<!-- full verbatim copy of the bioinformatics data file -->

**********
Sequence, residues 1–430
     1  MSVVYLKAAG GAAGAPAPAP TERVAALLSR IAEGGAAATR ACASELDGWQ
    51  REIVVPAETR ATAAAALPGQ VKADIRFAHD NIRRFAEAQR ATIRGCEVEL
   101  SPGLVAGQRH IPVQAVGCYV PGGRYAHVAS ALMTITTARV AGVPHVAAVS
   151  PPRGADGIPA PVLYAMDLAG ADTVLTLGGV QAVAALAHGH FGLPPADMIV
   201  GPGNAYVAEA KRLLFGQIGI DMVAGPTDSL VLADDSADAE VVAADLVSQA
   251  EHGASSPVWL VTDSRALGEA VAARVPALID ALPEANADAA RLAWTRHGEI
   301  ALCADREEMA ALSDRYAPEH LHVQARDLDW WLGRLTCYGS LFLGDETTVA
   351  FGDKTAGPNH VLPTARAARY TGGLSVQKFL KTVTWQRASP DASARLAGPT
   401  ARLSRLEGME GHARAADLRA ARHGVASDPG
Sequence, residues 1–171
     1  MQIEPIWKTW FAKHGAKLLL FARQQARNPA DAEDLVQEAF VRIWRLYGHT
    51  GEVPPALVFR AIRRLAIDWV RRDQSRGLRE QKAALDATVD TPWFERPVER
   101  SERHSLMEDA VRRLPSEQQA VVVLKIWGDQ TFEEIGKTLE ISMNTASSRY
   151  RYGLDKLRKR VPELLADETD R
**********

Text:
Sequence, residues 1–430
     1  MSVVYLKAAG GAAGAPAPAP TERVAALLSR IAEGGAAATR ACASELDGWQ
    51  REIVVPAETR ATAAAALPGQ VKADIRFAHD NIRRFAEAQR ATIRGCEVEL
   101  SPGLVAGQRH IPVQAVGCYV PGGRYAHVAS ALMTITTARV AGVPHVAAVS
   151  PPRGADGIPA PVLYAMDLAG ADTVLTLGGV QAVAALAHGH FGLPPADMIV
   201  GPGNAYVAEA KRLLFGQIGI DMVAGPTDSL VLADDSADAE VVAADLVSQA
   251  EHGASSPVWL VTDSRALGEA VAARVPALID ALPEANADAA RLAWTRHGEI
   301  ALCADREEMA ALSDRYAPEH LHVQARDLDW WLGRLTCYGS LFLGDETTVA
   351  FGDKTAGPNH VLPTARAARY TGGLSVQKFL KTVTWQRASP DASARLAGPT
   401  ARLSRLEGME GHARAADLRA ARHGVASDPG
Sequence, residues 1–171
     1  MQIEPIWKTW FAKHGAKLLL FARQQARNPA DAEDLVQEAF VRIWRLYGHT
    51  GEVPPALVFR AIRRLAIDWV RRDQSRGLRE QKAALDATVD TPWFERPVER
   101  SERHSLMEDA VRRLPSEQQA VVVLKIWGDQ TFEEIGKTLE ISMNTASSRY
   151  RYGLDKLRKR VPELLADETD R